Expert: Safety, Efficacy of Psilocybin May Be Negatively Impacted With Microdosing
Kelan Thomas, PharmD, MS, associate professor of clinical sciences at Touro University California College of Pharmacy, on his recent presentations at Insight 2021 and the virtual Sana Symposium on psychedelic adverse effects and drug-drug interactions.
Pharmacy Times interviewed Kelan Thomas, PharmD, MS, associate professor of clinical sciences at Touro University California College of Pharmacy, on his recent presentations at Insight 2021 and the virtual Sana Symposium on psychedelic adverse effects and drug-drug interactions.
Alana Hippensteele: How about microdosing with psilocybin—are there any known benefits or potential risks associated with this method of treatment?
Kelan Thomas: Yeah, so I actually got a really good update by David Erritzoe from the Imperial College of London, who's tried to do this sort of self-blinding study with things like LSD and psilocybin microdosing.
What has been the pattern emerging from the way that they developed this study design is that expectancy bias is the most predictive thing. So, people who thought they were getting psilocybin, essentially, they thought they were getting microdosing, even if they were actually taking placebo those days, anyone who thought they were getting that had improvements in symptoms, but it was not predicted by whether it was placebo or active psilocybin condition, it was predicted by what they thought. So essentially, it's showing how much the placebo effect is real—people expect that something positive is going to happen—those are the people who had positive benefit.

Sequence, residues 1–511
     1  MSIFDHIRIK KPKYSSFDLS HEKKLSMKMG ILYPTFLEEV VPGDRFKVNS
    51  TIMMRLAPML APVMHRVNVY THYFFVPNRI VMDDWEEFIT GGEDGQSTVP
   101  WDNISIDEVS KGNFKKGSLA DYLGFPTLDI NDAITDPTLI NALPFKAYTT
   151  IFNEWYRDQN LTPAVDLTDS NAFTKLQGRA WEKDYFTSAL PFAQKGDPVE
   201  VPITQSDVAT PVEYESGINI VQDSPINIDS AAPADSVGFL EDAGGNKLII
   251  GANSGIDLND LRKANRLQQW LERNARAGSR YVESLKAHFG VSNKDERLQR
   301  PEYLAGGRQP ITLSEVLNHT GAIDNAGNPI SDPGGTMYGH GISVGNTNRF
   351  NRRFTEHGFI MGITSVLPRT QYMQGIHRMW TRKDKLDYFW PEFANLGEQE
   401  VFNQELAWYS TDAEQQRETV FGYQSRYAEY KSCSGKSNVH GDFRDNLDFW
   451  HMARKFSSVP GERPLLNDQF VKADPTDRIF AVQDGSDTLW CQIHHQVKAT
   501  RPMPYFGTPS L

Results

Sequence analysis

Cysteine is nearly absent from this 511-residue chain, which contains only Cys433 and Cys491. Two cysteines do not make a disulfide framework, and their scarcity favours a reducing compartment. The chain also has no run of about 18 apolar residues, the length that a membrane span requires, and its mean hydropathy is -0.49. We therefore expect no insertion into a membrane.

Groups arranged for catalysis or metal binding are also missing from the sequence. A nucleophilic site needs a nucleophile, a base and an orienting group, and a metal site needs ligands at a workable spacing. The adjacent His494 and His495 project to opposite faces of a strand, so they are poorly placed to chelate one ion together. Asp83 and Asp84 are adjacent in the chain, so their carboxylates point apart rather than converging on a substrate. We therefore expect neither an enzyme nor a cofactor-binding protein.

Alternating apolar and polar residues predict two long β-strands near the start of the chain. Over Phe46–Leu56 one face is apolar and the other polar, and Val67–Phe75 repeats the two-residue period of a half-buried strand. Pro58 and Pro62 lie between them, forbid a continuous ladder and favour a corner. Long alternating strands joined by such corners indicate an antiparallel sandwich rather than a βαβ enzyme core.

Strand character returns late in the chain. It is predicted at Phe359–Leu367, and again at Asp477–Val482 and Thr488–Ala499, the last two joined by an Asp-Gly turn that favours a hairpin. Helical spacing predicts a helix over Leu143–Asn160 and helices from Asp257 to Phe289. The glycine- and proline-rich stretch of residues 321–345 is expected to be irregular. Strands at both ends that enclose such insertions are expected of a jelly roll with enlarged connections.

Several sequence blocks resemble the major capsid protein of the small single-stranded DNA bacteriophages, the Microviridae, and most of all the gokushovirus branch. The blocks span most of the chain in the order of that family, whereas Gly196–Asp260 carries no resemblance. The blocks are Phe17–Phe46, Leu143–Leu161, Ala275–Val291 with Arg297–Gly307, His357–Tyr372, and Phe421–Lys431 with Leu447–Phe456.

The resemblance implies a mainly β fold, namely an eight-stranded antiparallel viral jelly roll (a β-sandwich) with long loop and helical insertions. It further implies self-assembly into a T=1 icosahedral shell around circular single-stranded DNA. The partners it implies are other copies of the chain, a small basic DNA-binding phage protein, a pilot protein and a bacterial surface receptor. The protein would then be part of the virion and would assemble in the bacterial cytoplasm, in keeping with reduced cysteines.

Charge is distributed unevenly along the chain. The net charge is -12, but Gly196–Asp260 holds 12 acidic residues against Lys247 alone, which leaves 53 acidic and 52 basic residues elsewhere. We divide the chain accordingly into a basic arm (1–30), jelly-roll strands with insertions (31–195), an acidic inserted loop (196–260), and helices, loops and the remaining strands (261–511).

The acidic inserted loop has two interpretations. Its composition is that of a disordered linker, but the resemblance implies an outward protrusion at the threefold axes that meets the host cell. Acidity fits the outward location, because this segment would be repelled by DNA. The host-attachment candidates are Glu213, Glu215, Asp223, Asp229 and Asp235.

There doesn't seem to be a clear signal that psilocybin microdosing is beneficial for symptomatic treatment, so that's where there's this gap is a lot of people are extrapolating these large macro dose psychedelic dose study findings and thinking, ‘Oh well then, a little bit taking that every few days might be similar.’
We don't really have evidence to suggest that. There's anecdotal evidence—people are writing books about it and claiming that it worked for them, but until we have a robust clinical trial design of a placebo-controlled randomized trial, you can't really draw those conclusions, and it wouldn't meet the threshold of getting FDA approval for microdosing for specific psychiatric indications until that can be demonstrated.
There's also a safety risk that I've written about where a single dose has very low risk of safety problems—a single dose of psilocybin—but if we dose it routinely, it does have potentially have some affinity at this 2b receptor, and the serotonin 2b receptor has been implicated in valvular heart disease for a few other drugs like fenfluramine that were taken off the market.
So, from a safety standpoint, if people are going to start to investigating microdosing of psilocybin, we really need to understand what is that risk in doing pre-clinical toxicology models and things like this to understand is there going to be this heart valve risk, and if there's no benefit, we don't want to be subjecting people to that sort of repeated dosing with potential cardiac valve risk if there's no clear symptomatic benefit for things like depression or anxiety.
Alana Hippensteele: Yeah, absolutely. Thank you so much for taking the time to speak with me today, Kelan.
Kelan Thomas: Sure, thank you.